By now, I assume all the fans who care have heard that the failed shortstop experiment from Japan—Tsuyoshi Nishioka—voluntarily asked for a release from his three-year contract with the Twins. Effectively, Nishi returned $3.25 million to the Twins to release himself from playing for the team next year.
That is an extremely noble thing to do, which very few players in our day have ever done. Several media members continued to take shots at Nishi's performance even after this act, which I think was uncalled for. He left in great honor, you should show it in return.
Anyway, Nishi wrote on his blog about the decision to be released from the Twins. It was all in Japanese though, and I don't speak Japanese, so I had to rely on my rusty (but trusty!(?)) Japanese Google Translate skills to read it.
I wanted to share with you my VERY rough interpretation:
Now I am to leave baseball team Minnesota Twins season thing. So I thought and I share feelings blog.
I began to chase baseball dream become a professional baseball player from a young age. That dream came true. Then I hit a big wall in 2009, thought that wall is very high for me at that time. I remained as a baseball player going to 2010 season and was afraid of myself, but went on to have the best season. I had the goal of "playing in the majors" long ago, and then with the Minnesota Twins in the posting system I was able to get a contract three years in the majors—playing was the goal.
The posting system's reluctance to talk without the agreement of the team I was enrolled in the Japan, but it did not matter and I transferred at that time, and I really appreciate the Chiba Lotte Marines [Tsuyoshi's Japanese team before coming to America] baseball team agreeing smoothly to post me, and I moved to America.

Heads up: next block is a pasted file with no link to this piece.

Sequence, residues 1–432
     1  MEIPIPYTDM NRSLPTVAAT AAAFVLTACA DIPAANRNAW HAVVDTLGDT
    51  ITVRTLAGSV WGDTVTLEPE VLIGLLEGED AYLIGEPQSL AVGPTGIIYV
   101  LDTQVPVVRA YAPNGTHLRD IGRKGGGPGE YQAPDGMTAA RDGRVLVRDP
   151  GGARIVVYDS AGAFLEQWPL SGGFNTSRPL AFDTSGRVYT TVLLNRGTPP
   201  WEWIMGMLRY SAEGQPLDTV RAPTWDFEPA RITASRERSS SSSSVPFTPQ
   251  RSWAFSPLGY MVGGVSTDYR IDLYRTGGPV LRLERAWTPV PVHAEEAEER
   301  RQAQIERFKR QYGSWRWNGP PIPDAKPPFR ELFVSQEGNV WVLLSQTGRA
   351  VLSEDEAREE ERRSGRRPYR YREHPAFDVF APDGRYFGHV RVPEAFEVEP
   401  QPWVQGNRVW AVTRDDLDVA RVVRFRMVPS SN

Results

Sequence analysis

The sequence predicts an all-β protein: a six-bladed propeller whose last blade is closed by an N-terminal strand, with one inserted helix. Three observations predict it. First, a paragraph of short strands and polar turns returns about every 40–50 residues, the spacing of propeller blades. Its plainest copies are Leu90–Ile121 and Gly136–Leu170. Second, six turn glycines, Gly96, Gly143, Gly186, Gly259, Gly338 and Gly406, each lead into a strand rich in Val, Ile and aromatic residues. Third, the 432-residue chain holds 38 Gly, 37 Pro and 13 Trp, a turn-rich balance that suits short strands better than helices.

I still have one-year in the three-year contract, why I am leaving the team, the Twins, is that could not get the results that are needed from the team, and it should rather go to someone straight. In the United States to play myself, we were keenly aware of the lack of power at all. I knew I will not be able to play in the major again in August when I was removed from the 40 man roster and dropped to the minor.
In this situation, I thought about the selection of what is good for myself and Twins. As a result, I decided and told myself, "you resigning the Minnesota Twins". But I do not regret coming to try and play in America!
Candidly, just did not get results said when attempting to measure up and guys, really sorry.
Right now, I do not have any guarantee that baseball can be played in a team somewhere, I do not know might be a need in Japan baseball, and also to work where needed would be a happy thing! But it is not a requirement! Therefore I would feel happy just to play again and want to stay in baseball!
Basically, Nishioka looked at what would be best for himself and the Minnesota Twins—not just what was best for himself monetarily, as us Americans usually do—and decided it would be better for both parties, overall, if he asked for his release. It sounds a lot like the reasoning that led fellow Japanese star Ichiro Suzuki to surprisingly request he be traded from the Mariners earlier this year—he looked at the situation, and saw that the best thing not only for himself, but for his team, was to leave.
I do not understand how one has the reaction to take shots at Nishioka after this decision.
Anywho, it was quickly reported after his release that Nishioka had signed a deal to play baseball in Japan with the Hanshin Tigers. I wrote a small blip in one of my Twins Links posts a couple weeks ago about how the Tigers were very interested in Tsuyoshi and had come to scout him in Rochester. So I was not surprised.
It turns out, apparently Tsuyoshi has not yet signed with Hanshin, which is also apparently the closest team to where Nishi was born and is from ("Home-Team," if you will, and one of the reasons they would like him). Nishi has been negotiating a deal with Hanshin—but his old team, the Chiba Lotte Marines, just recently expressed interest in resigning him as well, given the past success he has brought the team (and much to the pissed-off-ment of the Tigers, who had been putting effort into getting Nishi for many more weeks).
So although the Nishioka era didn't, uh, exactly go as well as we had all hoped for in Minnesota, it looks as though a bad situation has come to the happiest ending we could all hope for—much in thanks to Nishi himself.
Tsuyoshi Nishioka—thank you, and best of luck in Japan.